Five Writing Traps To Avoid
As someone who has, in one way or another, made a living as a writer, I admit to being something of a critic when it comes to content and copywriting. But you don’t have to be a professional scribe to understand how important writing has become to our businesses. And we’re not referring to catchy advertising slogans here. We’re talking about the everyday writing that comes from your company, from your website copy to your press releases to your email subject lines to your collateral.
Writing for Enterpreneur, author Susan Gunelius, CEO of marketing/branding firm KeySplash Creative, points to five writing habits that can sabotage your effort to get your message heard and understood.
“Words carry a lot of weight, and you need to use them wisely,” Gunelius says. “There are a number of theories you can learn and tools you can use to write better marketing messages.”
Gunelius points to five bad habits that can sabotage your copy. The following is an abridged version of her useful list.
1. You used too many words.
Research has found that people have an attention span of just eight seconds. Millennials have a five-second attention span for ads! Bottom line, every word that isn’t necessary needs to be deleted from your copy. Words like “really,” “that” and “very” should be deleted without mercy. Keep your copy succinct, and it will almost always be more powerful.
2. You used jargon.
Big words and jargon are rarely appropriate in ads and marketing materials unless you’re in a highly technical or regulated industry. One of the most important factors in writing great marketing messages is understanding your audience and writing copy that speaks to them. Unless jargon and big words have special places in your audience’s hearts, replace them with simpler words.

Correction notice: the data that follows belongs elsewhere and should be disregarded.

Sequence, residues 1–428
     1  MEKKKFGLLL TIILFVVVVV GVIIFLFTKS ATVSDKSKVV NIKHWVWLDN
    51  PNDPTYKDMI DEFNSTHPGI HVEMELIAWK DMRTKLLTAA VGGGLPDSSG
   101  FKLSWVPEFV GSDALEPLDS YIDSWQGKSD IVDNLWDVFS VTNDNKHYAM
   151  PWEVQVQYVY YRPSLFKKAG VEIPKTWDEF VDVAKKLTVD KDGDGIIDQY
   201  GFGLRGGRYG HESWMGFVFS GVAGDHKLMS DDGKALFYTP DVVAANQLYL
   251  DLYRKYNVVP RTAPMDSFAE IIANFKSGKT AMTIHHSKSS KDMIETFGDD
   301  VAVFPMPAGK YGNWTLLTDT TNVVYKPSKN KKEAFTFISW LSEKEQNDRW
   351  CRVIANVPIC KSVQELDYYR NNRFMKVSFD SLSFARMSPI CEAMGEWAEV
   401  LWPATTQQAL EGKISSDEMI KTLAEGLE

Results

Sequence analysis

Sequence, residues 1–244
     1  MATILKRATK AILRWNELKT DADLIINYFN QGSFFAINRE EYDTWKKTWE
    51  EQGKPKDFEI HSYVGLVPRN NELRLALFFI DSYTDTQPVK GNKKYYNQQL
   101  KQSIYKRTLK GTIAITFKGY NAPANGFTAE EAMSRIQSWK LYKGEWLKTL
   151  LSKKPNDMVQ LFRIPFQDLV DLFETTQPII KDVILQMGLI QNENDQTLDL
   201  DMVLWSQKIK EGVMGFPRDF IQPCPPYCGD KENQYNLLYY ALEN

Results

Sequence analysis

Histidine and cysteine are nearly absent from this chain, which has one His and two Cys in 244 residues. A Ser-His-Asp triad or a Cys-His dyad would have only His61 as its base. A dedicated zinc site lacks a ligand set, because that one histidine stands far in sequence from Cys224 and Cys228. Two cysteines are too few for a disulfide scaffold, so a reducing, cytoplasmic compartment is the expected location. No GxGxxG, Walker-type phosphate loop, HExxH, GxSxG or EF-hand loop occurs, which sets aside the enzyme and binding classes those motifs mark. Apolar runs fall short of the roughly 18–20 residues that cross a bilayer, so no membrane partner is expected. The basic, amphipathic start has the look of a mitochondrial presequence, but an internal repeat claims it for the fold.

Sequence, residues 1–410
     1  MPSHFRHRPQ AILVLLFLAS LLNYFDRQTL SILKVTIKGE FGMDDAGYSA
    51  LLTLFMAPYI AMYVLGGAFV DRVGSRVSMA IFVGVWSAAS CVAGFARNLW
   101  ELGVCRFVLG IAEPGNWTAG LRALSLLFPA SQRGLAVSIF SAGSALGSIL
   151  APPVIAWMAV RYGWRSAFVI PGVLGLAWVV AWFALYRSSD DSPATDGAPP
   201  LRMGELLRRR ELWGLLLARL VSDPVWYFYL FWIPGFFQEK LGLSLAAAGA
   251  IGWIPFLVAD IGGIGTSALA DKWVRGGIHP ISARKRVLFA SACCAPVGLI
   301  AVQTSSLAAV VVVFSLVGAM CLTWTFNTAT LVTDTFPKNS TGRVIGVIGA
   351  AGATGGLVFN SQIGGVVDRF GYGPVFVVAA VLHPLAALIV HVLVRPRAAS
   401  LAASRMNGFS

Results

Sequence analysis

3. You used the wrong pronouns.
Great marketing messages speak about the audience, not just about the company behind the products or services being offered. Therefore, your copy should use second person pronouns (you, your, yours) far more often than first person pronouns (I, me, mine, we, us, our, ours). If your messages only talk about you, they’ll fail.
4. You used passive verbs.
When you invest in an ad or marketing piece, you typically want it to drive some kind of action from an audience. It includes a call to action that should motivate people to actually take that action. However, making a simple mistake like using passive voice rather than active voice in your sentence structure could negatively affect the results. In a passive voice sentence, the subject of the sentence receives the action of the verb (e.g., the ball was kicked by John), but in an active voice sentence, the subject of the sentence performs the action of the verb (e.g., John kicked the ball). Do you want people to take action or just think about taking that action? To elicit an active response from the audience, use the active voice in your copy.
5. You didn’t use emotional words.
Copy that evokes emotional responses in consumers is almost always more effective than copy that does not. Why? Because most purchase decisions are ruled at least in part by emotions. Emotional triggers include fear, guilt, comfort, competition, trust and more.